Autotriggered Event Monitors and Loop Recorders
The most appropriate indications for an implantable loop recorder (compared with an external loop recorder) are not well established. Locati et al evaluated the diagnostic yield of an external loop recorder with extended memory capacity in the evaluation of patients with syncope, presyncope, or sustained palpitations in an effort to determine their role in the diagnostic workup of these conditions (Locati, 2014). The authors evaluated 307 consecutive patients with external loop recorders (the SpiderFlash-A®, a patient-triggered device, and SpiderFlash-T® device, which has autotrigger capacity) who were enrolled in a registry at a single institution. The mean duration of recording was 24.1 days, with 85% of subjects having recording for 3 to 5 weeks. Ninety-two patients had syncope as their initial presentation; of those, a typical syncopal event occurred during the study monitoring period in 17 patients and an ECG recording during syncope was available in 16 patients. In 7 of these patients (44%), significant arrhythmias were recorded during syncope: bradycardia and pauses requiring pacemaker implant in 3 patients and fast supraventricular tachyarrhythmia (paroxysmal AF or paroxysmal supraventricular tachycardia) in 4 patients. Two hundred fifteen patients had palpitations or presyncope as their initial presentation; of those, a typical episode occurred during the study monitoring period in 184 patients, and many had multiple episodes (median 3 episodes per patient). In SpiderFlash-A recordings, sinus rhythm or sinus  tachycardia was recorded in about one third of the cases, and about one third had sustained supraventricular tachycardia or AF at the time of the symptoms. In the SpiderFlash-T recordings, supraventricular tachycardia or AF was recorded in about 46% of the cases, while bradycardia or pauses was recorded in about 13% of the cases.
 
Patients with AF treated with catheter ablation
In a prospective, randomized study, Kapa et al compared implantable loop monitors with conventional trans-telephonic recorders in the assessment of arrhythmia burden after catheter ablation of AF (Kapa, 2013). Forty-four patients were enrolled and randomized; all patients received the implantable loop recorder postablation. Six patients were excluded due to requests for device removal or loss to follow up. During the first 6 months after ablation, all subjects underwent conventional monitoring that consisted of twice daily 1-minute pulse rate assessments by the patient and three 30-day trans-telephonic monitoring periods. At 6 month postablation, patients were allocated to the randomization arm (decided in a 1:1 manner at initial enrollment) of either the implantable loop recorder (transmission of data every 31 days) or conventional monitoring (twice daily 1-minute pulse-rate assessment, and 1 trans-telephonic recording for 30 days at month 11). Over the first 6 months after ablation, conventional monitoring revealed AF in 7/38 patients (18%) and the implantable loop recorder confirmed AF in all of these patients. In an additional 11 patients (29%), AF was detected on implantable loop recorder. During the subsequent 6-month period, 5/18 patients in the conventional monitoring arm refused ongoing monitoring due to discomfort and lifestyle restrictions; of the remaining 13, 5 had a recurrence of AF (38%). In the implantable loop recorder group, 5 of 20 patients had recurrence of AF. In the implantable loop recorder arm, 71% patients had their antiarrhythmic drugs discontinued compared with 44% in the conventional monitoring group over the randomization period (p=0.04).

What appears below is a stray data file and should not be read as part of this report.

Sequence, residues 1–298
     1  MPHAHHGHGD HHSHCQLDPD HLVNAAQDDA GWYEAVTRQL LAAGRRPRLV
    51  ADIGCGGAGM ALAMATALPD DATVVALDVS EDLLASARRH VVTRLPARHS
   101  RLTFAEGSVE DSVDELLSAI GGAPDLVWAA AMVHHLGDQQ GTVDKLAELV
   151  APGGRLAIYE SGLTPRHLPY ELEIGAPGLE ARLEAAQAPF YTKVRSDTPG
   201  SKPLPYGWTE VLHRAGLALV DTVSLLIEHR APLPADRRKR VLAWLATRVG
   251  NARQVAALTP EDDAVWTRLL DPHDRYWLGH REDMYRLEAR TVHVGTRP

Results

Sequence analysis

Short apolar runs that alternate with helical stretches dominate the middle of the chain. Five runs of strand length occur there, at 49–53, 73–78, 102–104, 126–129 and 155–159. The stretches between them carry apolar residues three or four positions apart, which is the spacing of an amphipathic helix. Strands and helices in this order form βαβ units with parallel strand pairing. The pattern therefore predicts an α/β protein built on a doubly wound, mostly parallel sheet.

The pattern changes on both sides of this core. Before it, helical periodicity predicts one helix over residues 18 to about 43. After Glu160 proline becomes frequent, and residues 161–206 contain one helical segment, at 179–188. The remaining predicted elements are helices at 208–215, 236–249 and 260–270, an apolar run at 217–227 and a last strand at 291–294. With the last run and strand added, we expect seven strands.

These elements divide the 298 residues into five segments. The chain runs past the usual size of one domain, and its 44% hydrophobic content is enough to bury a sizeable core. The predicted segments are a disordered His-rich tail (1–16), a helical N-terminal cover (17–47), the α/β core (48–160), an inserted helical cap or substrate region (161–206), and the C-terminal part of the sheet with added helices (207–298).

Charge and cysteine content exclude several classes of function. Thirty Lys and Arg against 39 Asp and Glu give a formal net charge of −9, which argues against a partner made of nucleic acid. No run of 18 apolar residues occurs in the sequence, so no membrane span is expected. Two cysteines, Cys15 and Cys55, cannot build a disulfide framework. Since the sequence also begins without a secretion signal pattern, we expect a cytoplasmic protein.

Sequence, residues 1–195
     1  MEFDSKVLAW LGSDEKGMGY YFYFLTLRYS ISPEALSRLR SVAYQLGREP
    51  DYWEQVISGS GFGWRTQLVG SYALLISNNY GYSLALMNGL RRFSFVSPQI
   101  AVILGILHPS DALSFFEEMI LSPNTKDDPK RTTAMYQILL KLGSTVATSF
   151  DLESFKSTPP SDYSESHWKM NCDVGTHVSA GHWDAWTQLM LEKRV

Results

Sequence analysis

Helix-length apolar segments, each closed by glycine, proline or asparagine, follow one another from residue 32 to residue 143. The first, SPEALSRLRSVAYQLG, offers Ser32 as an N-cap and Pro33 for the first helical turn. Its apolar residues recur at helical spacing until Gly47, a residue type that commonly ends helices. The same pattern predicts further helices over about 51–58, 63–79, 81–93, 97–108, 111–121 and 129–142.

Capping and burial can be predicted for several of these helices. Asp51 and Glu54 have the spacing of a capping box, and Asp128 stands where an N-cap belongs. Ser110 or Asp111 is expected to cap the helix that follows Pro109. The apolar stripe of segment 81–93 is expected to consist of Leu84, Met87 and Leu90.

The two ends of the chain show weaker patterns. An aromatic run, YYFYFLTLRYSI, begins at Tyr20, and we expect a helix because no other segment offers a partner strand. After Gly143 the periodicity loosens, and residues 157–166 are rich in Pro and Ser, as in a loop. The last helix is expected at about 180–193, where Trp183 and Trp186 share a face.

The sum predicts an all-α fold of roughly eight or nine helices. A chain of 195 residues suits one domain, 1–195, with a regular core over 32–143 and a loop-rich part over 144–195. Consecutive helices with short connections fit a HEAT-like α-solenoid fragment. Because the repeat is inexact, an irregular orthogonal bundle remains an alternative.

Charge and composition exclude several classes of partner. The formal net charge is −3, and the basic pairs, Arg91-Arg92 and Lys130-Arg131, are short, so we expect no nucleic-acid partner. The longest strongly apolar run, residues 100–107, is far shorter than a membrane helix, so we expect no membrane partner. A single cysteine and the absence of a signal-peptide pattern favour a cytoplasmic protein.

Christensen et al reported results of long-term cardiac monitoring with implantable loop recorders in a population of 85 patients with cryptogenic stroke (Christensen, 2014). The device was explanted early in 5 patients, 3 due to a skin reaction and 2 due to discomfort; after more than 1 year of monitoring, an additional 3 patients chose early removal of the device. In 18 patients (20.7%), paroxysmal AF was detected during the study period, 4 by ECG (2 obtained in preparation for implantation procedure, 1 on ECG for pacemaker placement for a non-AF arrhythmia, and 1 on ECG due to symptomatic tachycardia), and 14 on the basis of the implantable loop recorder monitoring. The mean time from stroke onset to the first episode of AF on the loop recorder was 109 days. Although patients with detected AF received anticoagulation, rates of stroke or TIA were higher in the AF group than the non-AF group (33.3% vs 10.1%, p=0.024).
 
Patients with cryptogenic stroke
Patients with cryptogenic stroke are often monitored for the presence of AF, because AF is estimated to be the cause of cryptogenic stroke in more than 10% of patients and AF increases the risk of stroke. Oral anticoagulation in patients with AF reduces the risk of subsequent stroke and is recommended by American Heart Association/American College of Cardiology guidelines for patients with a history of stroke or transient ischemic attack (TIA) (January, 2014a).